|My siblings and I outside the public library, circa 1983.|
Last week was our first week of summer, and the kids and I made the first of our weekly trips to the the public library. We came home with a stack of books for each member of the family:
The 6th grader is loving the series, The Secrets of the Immortal Nicholas Flamel, by Michael Scott, the 5th grader is blazing through all the Harry Potter books, the 3rd grader is captivated by Percy Jackson and just started Rick Riordan's 2nd series, Hero's of Olympus, the Kindergartner picked up a stack of Star Wars graphic novels and beginning readers, and the preschooler and I had great fun picking out great story and picture books.
We also got everyone in the family (even mom an dad) signed up for the public library's summer reading program.
Summer reading programs are all around ... each with their own set of rules and incentives for finishing the program. In most cases you read a certain number of books or minutes within a time frame set up by the sponsoring organization and when you turn in your log they will give you incentives/prizes/discounts for turning in your completed reading log.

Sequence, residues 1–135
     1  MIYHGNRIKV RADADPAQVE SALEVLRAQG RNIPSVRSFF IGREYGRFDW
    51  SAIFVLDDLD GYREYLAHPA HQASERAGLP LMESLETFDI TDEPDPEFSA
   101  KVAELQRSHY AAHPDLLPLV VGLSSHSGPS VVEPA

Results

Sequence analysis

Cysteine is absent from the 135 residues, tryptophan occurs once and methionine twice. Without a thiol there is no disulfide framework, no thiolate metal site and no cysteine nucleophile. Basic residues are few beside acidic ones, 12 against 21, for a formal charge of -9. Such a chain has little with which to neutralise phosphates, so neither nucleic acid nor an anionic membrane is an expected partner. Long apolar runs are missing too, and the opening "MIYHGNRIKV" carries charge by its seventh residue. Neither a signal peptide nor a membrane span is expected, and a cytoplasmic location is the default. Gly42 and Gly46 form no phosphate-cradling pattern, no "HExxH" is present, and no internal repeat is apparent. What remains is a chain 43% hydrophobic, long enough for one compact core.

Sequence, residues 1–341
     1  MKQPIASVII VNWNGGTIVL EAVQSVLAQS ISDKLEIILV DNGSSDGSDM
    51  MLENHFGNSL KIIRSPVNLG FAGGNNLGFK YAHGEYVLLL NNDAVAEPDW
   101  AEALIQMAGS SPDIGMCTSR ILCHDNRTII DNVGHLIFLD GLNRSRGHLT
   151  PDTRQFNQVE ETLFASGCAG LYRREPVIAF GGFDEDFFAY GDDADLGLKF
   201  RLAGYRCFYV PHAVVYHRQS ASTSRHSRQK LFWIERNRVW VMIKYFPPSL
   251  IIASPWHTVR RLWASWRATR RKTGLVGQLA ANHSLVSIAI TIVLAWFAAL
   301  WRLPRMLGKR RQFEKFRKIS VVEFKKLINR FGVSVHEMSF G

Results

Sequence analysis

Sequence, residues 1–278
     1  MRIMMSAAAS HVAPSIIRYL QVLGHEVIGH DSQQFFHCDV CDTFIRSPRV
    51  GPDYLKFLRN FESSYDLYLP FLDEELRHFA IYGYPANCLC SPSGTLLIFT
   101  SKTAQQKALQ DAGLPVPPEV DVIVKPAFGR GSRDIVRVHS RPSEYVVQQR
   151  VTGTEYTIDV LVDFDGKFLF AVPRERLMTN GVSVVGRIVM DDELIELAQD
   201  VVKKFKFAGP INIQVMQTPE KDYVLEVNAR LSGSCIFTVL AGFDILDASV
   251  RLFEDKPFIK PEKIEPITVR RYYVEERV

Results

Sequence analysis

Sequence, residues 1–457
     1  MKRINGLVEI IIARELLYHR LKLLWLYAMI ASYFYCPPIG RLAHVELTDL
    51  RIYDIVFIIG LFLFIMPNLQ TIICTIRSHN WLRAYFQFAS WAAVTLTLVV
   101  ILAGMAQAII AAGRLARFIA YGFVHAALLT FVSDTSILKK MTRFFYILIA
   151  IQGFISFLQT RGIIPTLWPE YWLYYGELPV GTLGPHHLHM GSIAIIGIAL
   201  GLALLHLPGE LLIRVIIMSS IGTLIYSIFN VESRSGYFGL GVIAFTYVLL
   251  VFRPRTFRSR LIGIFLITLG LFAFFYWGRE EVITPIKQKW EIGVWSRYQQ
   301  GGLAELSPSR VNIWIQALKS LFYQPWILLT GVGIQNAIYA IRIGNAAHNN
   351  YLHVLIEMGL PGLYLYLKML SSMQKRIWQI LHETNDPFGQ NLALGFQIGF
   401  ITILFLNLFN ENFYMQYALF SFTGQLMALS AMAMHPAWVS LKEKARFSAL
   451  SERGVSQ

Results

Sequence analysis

Summer reading programs help encourage children to continue reading throughout the summer to help prevent regression in the progress they've made in the classroom. They also provide added benefits for those kids who love to read, and needed incentives to those whose first instinct isn't to pick up a book.
Here are just a few of the summer reading programs you might consider taking advantage of in addition to doing your local public library's summer reading program.
- Half Price Books, Feed Your Brain.
- Barnes & Noble, Imagination Destination.
- Scholastic Summer Challenge.
- Pottery Barn Kids Summer Reading Challenge.
- Chuck E. Cheese, Reading Log.
- PBS Kids and iVillage team up for Summer Reading Sweepstakes.
We want to know what books your children are reading, and let us know of other great national summer reading programs we should .